Tuesday, August 23, 2011

Princess Syndrome

Someone asked me recently how I felt about Chloe starting school. Was it bittersweet? Did I think I would cry? I thought about that for a few minutes, and then gave my honest answer:

“Chloe is a middle child. While that doesn’t make her any less special, it does somehow deaden the milestones. I cried when Ashton started kindergarten. He was my first. And I know I’ll cry when Atleigh starts. She’ll be my last. But Chloe is... well, middle. I’ve done that. I’ll do it again.”

Wrong answer, apparently. I was immediately submitted to a barrage of uneasy chuckles and gasps of outrage. And then came the advice: Don’t ever let her hear you say that, make sure she always feels special, middle children can tend towards acting out if you don’t make sure you take time for them, etc, etc, ad nauseam.

Chloe has answered to a great many nicknames in her short life. Chlo-Chlo, the Chlo-ster, Chloe-Bug, Chloe Noey (A derivative of her middle name, Noelle)... but the name she answers to the most, and the most willingly, at that, is Princess. When I was pregnant with her, Jeremy and I decided we would never call any daughter of ours “Princess”. It was cliche, obnoxious, gave off the impression of spoiled brattiness. Well. We took one look at her, 2 minutes old, and cried, “She’s such a little Princess!!!” The name stuck, obviously.

Chloe is my easiest child. She slept through the night at 3 days old. You read that right. 3 days. She’s my helper. She makes her own bed, folds her clothes, puts her shoes away. Almost always puts her dishes in the sink. Of course, she’s far from perfect. Her squeal could shatter glass, and she’d rather tattle on someone and have them get in trouble than deal with the issue herself. She can be manipulative. But she’s... soft. Sweet. Genuine.  She is so, so special.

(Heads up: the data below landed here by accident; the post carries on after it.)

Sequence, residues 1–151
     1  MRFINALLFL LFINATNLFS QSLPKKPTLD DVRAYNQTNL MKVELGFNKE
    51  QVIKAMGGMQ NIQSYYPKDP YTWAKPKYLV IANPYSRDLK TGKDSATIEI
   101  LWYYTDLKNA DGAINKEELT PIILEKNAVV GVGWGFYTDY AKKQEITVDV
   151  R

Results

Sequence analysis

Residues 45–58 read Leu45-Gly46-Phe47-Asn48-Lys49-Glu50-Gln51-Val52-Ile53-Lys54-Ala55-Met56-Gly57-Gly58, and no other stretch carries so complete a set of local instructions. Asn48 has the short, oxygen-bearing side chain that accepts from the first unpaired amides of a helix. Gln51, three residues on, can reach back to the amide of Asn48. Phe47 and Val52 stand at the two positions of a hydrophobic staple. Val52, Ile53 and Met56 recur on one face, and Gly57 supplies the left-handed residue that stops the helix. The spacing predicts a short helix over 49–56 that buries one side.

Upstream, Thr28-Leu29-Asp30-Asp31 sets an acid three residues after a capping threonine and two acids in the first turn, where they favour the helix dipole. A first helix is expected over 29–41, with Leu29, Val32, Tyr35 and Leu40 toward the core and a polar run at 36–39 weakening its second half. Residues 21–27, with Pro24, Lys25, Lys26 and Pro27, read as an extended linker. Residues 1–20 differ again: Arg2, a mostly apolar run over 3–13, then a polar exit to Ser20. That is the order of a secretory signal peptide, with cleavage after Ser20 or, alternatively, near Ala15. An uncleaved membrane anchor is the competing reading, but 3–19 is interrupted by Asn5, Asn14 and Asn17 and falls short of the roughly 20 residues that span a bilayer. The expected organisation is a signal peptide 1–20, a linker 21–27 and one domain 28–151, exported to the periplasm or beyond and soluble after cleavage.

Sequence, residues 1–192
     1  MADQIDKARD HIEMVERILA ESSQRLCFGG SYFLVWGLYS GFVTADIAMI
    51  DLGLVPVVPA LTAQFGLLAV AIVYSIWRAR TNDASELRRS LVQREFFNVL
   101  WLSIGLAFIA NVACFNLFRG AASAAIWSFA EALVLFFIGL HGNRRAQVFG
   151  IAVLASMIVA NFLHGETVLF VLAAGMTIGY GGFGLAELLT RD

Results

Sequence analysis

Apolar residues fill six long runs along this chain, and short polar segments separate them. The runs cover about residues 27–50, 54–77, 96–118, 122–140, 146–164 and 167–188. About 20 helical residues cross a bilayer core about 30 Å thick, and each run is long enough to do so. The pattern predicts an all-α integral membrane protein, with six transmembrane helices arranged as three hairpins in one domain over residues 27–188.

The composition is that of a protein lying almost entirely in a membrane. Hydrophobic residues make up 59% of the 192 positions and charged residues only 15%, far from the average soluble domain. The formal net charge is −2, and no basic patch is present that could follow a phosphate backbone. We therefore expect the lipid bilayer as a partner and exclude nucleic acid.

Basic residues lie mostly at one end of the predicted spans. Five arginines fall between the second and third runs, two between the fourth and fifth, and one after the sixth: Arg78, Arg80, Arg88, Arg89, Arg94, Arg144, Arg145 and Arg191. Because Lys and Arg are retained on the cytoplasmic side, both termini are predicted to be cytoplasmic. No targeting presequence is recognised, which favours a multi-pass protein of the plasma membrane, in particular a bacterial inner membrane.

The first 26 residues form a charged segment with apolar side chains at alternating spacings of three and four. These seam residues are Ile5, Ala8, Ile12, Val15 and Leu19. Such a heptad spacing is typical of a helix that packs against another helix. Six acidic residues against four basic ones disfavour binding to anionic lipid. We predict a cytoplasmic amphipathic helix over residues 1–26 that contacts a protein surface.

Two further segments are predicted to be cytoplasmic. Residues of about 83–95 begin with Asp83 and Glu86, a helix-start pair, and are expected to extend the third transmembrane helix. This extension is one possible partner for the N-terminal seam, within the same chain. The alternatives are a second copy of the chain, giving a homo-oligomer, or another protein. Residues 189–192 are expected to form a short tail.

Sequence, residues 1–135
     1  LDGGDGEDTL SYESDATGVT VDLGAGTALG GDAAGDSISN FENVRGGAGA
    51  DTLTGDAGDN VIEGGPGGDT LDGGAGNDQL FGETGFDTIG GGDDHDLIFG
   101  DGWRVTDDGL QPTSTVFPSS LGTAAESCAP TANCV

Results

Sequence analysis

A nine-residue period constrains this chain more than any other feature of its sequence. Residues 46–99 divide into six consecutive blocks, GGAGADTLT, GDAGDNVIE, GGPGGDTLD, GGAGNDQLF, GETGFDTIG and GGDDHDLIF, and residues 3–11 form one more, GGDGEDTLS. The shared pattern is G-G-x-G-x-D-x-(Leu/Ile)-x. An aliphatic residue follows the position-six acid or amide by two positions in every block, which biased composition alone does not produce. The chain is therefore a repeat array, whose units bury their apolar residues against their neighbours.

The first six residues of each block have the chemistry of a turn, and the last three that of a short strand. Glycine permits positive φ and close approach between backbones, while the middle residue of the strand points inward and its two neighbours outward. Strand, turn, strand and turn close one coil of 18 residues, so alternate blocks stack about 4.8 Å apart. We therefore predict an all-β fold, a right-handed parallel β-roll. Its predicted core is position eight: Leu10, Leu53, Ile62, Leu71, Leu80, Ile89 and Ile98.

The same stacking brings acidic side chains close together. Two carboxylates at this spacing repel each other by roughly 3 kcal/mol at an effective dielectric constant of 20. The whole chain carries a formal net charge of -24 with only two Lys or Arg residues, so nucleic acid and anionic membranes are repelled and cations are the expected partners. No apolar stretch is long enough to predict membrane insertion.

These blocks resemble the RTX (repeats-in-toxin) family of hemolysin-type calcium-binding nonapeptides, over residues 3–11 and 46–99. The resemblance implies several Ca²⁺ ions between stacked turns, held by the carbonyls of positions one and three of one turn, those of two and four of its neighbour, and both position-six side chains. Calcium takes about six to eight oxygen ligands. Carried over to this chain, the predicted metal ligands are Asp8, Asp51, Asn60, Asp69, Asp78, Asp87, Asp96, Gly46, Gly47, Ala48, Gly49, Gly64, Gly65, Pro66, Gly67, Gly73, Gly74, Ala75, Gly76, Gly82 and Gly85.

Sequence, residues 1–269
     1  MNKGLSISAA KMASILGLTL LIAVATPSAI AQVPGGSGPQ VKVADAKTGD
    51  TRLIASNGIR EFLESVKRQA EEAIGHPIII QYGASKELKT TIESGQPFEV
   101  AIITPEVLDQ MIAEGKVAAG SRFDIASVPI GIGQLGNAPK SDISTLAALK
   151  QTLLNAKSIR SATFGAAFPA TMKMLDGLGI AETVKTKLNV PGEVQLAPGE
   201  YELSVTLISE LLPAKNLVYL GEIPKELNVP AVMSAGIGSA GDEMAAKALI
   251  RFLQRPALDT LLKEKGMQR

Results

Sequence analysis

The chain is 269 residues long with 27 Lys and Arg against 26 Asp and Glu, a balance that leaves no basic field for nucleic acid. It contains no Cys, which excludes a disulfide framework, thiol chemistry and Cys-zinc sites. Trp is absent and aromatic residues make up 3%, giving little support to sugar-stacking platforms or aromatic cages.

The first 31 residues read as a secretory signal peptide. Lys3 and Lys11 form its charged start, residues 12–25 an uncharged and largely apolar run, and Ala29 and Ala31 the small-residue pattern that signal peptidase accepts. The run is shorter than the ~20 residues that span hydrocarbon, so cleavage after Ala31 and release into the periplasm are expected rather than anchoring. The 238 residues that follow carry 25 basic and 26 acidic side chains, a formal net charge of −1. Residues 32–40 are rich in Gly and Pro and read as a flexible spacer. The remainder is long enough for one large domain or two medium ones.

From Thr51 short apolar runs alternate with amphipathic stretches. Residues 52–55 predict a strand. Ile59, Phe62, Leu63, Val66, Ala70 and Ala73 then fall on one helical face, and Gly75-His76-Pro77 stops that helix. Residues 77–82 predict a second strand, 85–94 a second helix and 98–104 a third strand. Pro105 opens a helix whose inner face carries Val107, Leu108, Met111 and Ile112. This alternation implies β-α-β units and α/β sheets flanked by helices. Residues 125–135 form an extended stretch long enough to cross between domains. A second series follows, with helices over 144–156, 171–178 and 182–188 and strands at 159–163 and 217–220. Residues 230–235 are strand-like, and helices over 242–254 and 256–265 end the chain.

She also knows that she knows that she knows that she is a Princess. There’s never been a doubt in her mind. If anyone ever tried to convince her otherwise, they’d have a healthy argument on their hands. She walks like she owns the earth: shoulders back, head held high. I’ve raised her to understand and believe her value. I hope I have. And I hope that my referring to her as “a middle child” won’t undo that value in her mind.

I mean, honestly. Does this look the like the face of a girl struggling with middle child syndrome?

And, in case you were wondering, I proved myself (and my advice givers) wrong: I am not a soulless monster with a wicked stepmother complex. I definitely, definitely cried yesterday.

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